LAKEWOOD — Did city taxpayers pick up the tab for Patricia Zeltner's air fare last summer when she and her husband traveled to San Juan, Puerto Rico, for the U.S. Conference of Mayors?
City administrators say no.
But her husband, Assemblyman Paul E. Zeltner--at that time a Lakewood council member--says yes, even noting that a special discount reduced it to $138, less than one-fourth of the $554 that taxpayers spent on his.
All Patricia Zeltner remembers is that she had a good time.
"We went to museums, shopping, a lot of receptions and dinners," she said recently. Over the 4 1/2 days, she attended "one or two" conference sessions, but otherwise stuck with the tour groups. "I'm not politically active," she explained. "I do wifely things."
City administrators shrug off the discrepancy, saying it doesn't matter if Patricia Zeltner's air fare did come out of Lakewood coffers. Although a 1985 City Council policy prohibits "officers or employees" from traveling with spouses at taxpayer expense, the mayor and four council members have made themselves exempt.
"Our policy," Assistant City Administrator Michael W. Stover confirmed, "is such that each council member decides whether or not each spousal travel is reimbursable."
And so it is that Zeltner and several Lakewood council members have billed the city for the companionship of their spouses on trips to Anchorage, Seattle, Sacramento, Monterey and elsewhere--at least a dozen times over the past two complete fiscal years, according to city records.
They have stayed in quality hotels such as Washington's Hay Adams and the Hyatt Regency in Monterey and dined at popular restaurants such as Philadelphia's Old Original Bookbinders and the Ritz in Newport Beach. Most every time, according to records and interviews with city officials, taxpayers have been billed for room and board, and sometimes for air fare in the hundreds of dollars.
"Obviously, the spouse of a council member is not a city official," former Councilman Dan Branstine charged in a recent interview. "I find it very questionable whether that's really a legitimate use of public funds."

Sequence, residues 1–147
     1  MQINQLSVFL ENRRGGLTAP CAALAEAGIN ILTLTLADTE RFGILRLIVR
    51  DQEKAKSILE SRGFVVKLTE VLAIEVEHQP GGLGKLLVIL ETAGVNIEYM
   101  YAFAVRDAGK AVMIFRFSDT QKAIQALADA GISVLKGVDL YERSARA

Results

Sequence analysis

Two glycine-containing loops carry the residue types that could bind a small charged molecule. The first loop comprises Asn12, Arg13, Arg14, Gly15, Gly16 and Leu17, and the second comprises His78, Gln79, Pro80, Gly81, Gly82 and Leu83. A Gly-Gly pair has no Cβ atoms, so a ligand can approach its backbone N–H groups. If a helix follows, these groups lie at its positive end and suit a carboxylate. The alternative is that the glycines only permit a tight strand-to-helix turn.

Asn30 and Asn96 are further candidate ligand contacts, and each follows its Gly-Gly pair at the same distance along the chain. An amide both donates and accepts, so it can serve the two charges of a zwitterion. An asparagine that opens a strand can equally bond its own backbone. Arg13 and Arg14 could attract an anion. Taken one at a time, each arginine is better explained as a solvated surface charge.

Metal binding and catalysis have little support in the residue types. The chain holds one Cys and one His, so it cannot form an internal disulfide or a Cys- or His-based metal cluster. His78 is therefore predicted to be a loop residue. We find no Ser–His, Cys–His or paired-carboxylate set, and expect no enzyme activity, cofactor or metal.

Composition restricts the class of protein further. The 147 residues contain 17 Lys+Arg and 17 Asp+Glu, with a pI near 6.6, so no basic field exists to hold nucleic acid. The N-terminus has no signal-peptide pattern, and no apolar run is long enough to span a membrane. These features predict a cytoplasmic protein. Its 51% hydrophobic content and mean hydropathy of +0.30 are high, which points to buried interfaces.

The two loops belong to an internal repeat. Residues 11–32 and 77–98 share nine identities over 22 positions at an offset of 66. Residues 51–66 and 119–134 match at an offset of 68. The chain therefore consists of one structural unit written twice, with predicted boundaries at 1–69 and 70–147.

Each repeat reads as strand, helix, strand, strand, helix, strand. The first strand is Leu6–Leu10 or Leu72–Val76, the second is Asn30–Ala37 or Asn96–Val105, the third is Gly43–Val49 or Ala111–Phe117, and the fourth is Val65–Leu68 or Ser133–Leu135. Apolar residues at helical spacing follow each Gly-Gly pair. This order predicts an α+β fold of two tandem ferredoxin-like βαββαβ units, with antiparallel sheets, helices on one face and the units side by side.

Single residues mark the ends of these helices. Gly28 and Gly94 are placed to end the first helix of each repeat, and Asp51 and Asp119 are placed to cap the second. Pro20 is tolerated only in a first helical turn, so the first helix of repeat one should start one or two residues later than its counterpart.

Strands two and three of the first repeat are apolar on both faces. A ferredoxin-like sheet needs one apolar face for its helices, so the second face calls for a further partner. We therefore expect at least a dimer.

Councilman Larry Van Nostran makes no apology for traveling with his wife, Jean Ann, at taxpayer expense. "We are a family-oriented community," he said. "I put in 40 hours a week working on the council on top of my running two small (car dealership) businesses. A great deal of stress and family pressures are part of this job, and I can accept that. But to be away from the spouse can be an additional and needless hardship on a marriage, one that I would prefer not to endure."
"Gary Hart's recent downfall," Van Nostran continued, is a case in point. "Would (the presidential candidate) have strolled arm in arm with an aspiring actress if his wife were with him?"
The extra charge for a double room at a hotel, Councilman Robert G. Wagner added, is usually "nothing or some nominally low amount"--too little to be "worth the personal effort" for him to figure out or for city staffers to verify.
Furthermore, what Lakewood does "is not an uncommon practice" in other cities, Wagner contends.
However, the city councils of Los Angeles and Long Beach don't allow spouses to travel at public expense. And after criticism arose last year in the City of Commerce, officials there revised council policy to require that spouses pay their own air fare before stepping on the plane.
When council travel expenses in Norwalk reached $87,000 for the 1984-85 fiscal year, about 98 cents per resident, voters replaced one incumbent with a candidate who had campaigned for spending reforms. Councils in other southeast Los Angeles County cities spent significantly less on travel that year: for example, $15,655 in Cerritos, about 28 cents per resident, and $10,133 in Downey, about 12 cents per resident. Neither of those cities allows council members' spouses to travel at taxpayer expense.
In Lakewood's city budget, officials report that the council posted roughly $28,000 in travel and meeting expenses--about 37 cents per resident--in each of the past two fiscal years.
Yet determining exactly how much tax money has been spent on council trips--and whether the expenses are appropriate--is difficult, Branstine contends, because the city keeps its financial records in a way that discourages public scrutiny. Unlike neighboring Long Beach, where expense records are kept by a City Council secretary for easy public access, Lakewood spreads its receipts through a number of accounting files that would be hard for most people to track without city assistance.
"It's not illegal," cautioned Branstine, who served on the Lakewood council from 1976 to 1980 and now attends Indiana University law school. "But the motive certainly is to hide the ball."